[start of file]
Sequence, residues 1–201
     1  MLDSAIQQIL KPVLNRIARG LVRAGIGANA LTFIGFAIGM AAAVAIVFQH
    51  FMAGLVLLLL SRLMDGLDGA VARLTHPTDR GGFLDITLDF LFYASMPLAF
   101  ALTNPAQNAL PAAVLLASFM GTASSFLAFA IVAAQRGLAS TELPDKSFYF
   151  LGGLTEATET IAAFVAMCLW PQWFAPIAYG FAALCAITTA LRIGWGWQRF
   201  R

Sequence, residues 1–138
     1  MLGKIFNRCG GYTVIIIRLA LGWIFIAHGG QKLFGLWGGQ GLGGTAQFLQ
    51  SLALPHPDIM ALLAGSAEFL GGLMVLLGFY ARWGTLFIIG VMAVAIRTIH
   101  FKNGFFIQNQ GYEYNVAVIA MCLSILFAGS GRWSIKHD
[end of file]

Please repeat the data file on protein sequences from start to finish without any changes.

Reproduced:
Sequence, residues 1–201
     1  MLDSAIQQIL KPVLNRIARG LVRAGIGANA LTFIGFAIGM AAAVAIVFQH
    51  FMAGLVLLLL SRLMDGLDGA VARLTHPTDR GGFLDITLDF LFYASMPLAF
   101  ALTNPAQNAL PAAVLLASFM GTASSFLAFA IVAAQRGLAS TELPDKSFYF
   151  LGGLTEATET IAAFVAMCLW PQWFAPIAYG FAALCAITTA LRIGWGWQRF
   201  R

Sequence, residues 1–138
     1  MLGKIFNRCG GYTVIIIRLA LGWIFIAHGG QKLFGLWGGQ GLGGTAQFLQ
    51  SLALPHPDIM ALLAGSAEFL GGLMVLLGFY ARWGTLFIIG VMAVAIRTIH
   101  FKNGFFIQNQ GYEYNVAVIA MCLSILFAGS GRWSIKHD